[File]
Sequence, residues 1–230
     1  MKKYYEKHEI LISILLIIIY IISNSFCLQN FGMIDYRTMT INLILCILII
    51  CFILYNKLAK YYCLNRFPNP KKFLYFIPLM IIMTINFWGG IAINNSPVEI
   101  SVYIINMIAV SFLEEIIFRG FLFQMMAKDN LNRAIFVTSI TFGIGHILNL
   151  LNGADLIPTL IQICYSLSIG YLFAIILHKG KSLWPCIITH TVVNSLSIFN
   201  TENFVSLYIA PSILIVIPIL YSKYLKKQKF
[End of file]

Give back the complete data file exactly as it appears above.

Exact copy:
Sequence, residues 1–230
     1  MKKYYEKHEI LISILLIIIY IISNSFCLQN FGMIDYRTMT INLILCILII
    51  CFILYNKLAK YYCLNRFPNP KKFLYFIPLM IIMTINFWGG IAINNSPVEI
   101  SVYIINMIAV SFLEEIIFRG FLFQMMAKDN LNRAIFVTSI TFGIGHILNL
   151  LNGADLIPTL IQICYSLSIG YLFAIILHKG KSLWPCIITH TVVNSLSIFN
   201  TENFVSLYIA PSILIVIPIL YSKYLKKQKF